The logic of this outlook, as the report says, is that ‘understanding how to change the behaviour of populations should be a concern for any government if it is to be successful’. Of course, governments have long had mechanisms to try to alter behaviour. The most obvious one is to use the criminal law to make something either illegal (like smoking in pubs) or compulsory (like wearing a seatbelt in cars). Slightly less draconian – but manipulative nonetheless – is the authorities’ attempts to influence behaviour in economic ways, by providing incentives (for example, generous subsidies to the middle classes to install solar panels and wind turbines) or disincentives (like setting a minimum price per unit of alcohol). If all else fails, the government can just spend hundreds of millions of pounds nagging us to lose weight, get fit, stop smoking or use a condom.

One problem with these kinds of mechanisms is that they look a bit authoritarian, or at the very least hectoring. It’s really rather obvious that the government is demanding that you behave in a different manner. New Labour clearly had absolutely no problem with stating this fairly openly, which is why Tony Blair and Gordon Brown famously oversaw the creation of over 3,000 new criminal offences, congestion charging in London, on-the-spot fines for not recycling, and so on.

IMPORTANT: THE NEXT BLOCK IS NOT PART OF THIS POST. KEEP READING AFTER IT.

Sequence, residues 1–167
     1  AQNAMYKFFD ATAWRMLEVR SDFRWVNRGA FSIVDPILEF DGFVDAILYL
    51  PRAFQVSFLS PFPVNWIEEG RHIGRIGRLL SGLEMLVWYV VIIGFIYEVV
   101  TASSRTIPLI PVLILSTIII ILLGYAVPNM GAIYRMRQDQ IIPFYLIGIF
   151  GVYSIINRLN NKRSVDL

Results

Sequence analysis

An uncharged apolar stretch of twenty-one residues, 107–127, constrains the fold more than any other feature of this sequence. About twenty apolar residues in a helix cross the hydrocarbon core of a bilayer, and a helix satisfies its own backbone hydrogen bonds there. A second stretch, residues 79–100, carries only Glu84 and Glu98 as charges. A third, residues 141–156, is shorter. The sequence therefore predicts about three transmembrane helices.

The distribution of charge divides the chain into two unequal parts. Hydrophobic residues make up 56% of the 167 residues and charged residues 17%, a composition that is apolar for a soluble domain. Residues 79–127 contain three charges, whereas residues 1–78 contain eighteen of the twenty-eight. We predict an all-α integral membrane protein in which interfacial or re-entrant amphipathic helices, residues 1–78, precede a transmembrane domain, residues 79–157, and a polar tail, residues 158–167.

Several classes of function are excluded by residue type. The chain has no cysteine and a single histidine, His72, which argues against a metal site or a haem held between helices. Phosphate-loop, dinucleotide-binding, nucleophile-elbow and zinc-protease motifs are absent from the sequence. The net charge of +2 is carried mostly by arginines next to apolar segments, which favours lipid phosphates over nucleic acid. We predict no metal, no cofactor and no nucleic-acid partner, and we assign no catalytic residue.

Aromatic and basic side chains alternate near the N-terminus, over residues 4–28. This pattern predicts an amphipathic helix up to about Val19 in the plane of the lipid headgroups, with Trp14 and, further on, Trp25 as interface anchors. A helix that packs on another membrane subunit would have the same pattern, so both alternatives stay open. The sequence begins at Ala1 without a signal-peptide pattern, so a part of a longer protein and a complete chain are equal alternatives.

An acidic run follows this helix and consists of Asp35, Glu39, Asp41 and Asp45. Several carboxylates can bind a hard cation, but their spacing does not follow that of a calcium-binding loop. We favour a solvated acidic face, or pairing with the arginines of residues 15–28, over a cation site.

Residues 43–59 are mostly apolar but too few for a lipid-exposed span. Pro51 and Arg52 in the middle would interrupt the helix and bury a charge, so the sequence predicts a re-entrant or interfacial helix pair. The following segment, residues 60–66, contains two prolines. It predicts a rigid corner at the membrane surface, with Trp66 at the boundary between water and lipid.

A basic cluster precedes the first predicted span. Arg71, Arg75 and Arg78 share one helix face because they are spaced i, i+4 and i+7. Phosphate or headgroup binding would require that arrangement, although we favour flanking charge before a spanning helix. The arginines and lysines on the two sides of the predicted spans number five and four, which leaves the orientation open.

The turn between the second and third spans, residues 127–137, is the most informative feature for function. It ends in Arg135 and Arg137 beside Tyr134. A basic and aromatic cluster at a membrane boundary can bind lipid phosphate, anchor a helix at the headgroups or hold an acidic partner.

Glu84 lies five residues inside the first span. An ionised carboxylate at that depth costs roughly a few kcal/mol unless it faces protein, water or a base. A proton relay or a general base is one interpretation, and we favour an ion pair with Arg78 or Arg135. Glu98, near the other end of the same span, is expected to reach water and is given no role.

The Conservatives and Liberal Democrats, on the other hand, like to kid themselves that they are lovers of liberty – yet the truth is that they want to meddle in our lives just as much as New Labour did. So they put forward the idea of ‘non-regulatory and non-fiscal measures with relation to the individual’ that alter our ‘choice architecture’. Essentially, when we’re not really thinking about our behaviour or don’t really care very much what we do or how we do it in a particular situation, we can be subtly directed towards doing the right thing.